IMF Works To Address Caribbean 'De-risking' Woes
by Mike Godfrey, Lowtax.net, Washington
31 October, 2016
The International Monetary Fund has set out the actions being taken and further possible options to address bank de-risking for Caribbean nations.
"De-risking" refers to the practice of international commercial banks to withdraw from correspondent banking relationships with territories considered to be higher risk. Caribbean territories have been impacted in particular. De-risking has involved the sale of subsidiaries, banks ceasing to provide some types of banking services, and the closure of client accounts.
While acknowledging there is "no quick fix" to the problem, the IMF said actions that could be taken include addressing the problem of economies of scale, mitigating cost and technical limitations, and improving information flows.
It has been said that doing business in the Caribbean is no longer financial sustainable, as the cost of complying with the increasing volume of financial regulations is outweighing the potential benefits of continuing existing relationships with the region.
The IMF said small Caribbean banks could bundle transactions and potentially create the economies of scale required for global banks to maintain banking services.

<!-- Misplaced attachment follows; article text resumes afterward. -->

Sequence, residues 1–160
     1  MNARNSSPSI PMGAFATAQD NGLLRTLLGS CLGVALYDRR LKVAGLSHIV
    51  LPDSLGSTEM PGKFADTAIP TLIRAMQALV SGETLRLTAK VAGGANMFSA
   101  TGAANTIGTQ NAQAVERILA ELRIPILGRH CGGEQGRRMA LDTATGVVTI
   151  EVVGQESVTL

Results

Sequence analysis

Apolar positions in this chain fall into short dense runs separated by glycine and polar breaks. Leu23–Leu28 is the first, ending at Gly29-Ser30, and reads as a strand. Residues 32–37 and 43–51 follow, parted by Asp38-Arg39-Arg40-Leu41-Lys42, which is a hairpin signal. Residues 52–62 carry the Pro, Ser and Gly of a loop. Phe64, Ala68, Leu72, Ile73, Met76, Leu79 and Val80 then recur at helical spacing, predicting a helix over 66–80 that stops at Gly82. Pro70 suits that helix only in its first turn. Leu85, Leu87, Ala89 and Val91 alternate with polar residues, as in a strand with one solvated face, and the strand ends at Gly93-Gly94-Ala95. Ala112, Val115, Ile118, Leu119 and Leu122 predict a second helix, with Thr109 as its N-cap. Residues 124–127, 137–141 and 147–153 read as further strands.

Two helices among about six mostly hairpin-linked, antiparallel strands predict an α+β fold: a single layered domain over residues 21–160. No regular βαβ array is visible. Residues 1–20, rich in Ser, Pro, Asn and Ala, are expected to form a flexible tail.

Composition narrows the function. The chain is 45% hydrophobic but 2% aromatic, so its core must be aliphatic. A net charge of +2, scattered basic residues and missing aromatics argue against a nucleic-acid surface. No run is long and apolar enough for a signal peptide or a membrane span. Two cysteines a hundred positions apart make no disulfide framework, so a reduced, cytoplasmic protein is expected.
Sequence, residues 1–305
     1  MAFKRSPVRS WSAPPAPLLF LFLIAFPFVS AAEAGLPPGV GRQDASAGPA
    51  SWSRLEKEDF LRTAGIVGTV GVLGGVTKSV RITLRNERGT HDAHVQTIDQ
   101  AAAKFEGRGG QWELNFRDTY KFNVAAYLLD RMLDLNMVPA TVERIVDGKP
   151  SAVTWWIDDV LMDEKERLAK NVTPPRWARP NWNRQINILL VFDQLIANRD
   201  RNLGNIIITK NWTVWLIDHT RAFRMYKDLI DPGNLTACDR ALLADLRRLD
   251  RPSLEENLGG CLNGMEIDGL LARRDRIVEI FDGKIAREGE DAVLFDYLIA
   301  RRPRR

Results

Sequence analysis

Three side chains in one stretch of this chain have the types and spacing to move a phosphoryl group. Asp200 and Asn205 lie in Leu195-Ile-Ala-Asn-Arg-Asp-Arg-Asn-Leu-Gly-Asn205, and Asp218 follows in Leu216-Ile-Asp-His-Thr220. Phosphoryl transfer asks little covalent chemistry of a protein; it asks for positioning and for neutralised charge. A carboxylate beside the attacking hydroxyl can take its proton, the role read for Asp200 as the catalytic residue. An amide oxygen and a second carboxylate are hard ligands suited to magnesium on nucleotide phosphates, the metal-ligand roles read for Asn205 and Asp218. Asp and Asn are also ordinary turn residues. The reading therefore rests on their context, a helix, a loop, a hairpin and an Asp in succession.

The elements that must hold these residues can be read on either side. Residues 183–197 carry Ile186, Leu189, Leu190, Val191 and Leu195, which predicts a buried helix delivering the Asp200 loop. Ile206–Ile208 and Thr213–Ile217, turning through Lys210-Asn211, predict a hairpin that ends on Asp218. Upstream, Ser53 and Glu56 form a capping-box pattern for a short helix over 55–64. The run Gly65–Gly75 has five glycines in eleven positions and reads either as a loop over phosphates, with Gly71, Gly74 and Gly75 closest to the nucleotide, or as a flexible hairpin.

To mitigate cost and technical limitations, the IMF urged that technology be used to reduce compliance costs and strengthen "know-your-customer" frameworks. For example, one approach may be to take advantage of "know-your-customer" software utilities, which store customer due-diligence information in a single repository and allow easy access to bank customer information.
The IMF said steps should be taken to improve the information flow between correspondent banks and respondent banks, including removing legal and contractual obstacles to sharing information across institutions and borders, such as data privacy laws and diverging regulatory frameworks.
The IMF reiterated its commitment to helping the Caribbean region resolve its banking challenges and to identifying concrete policy options. The IMF said that it is in the process of preparing a paper on the issue.
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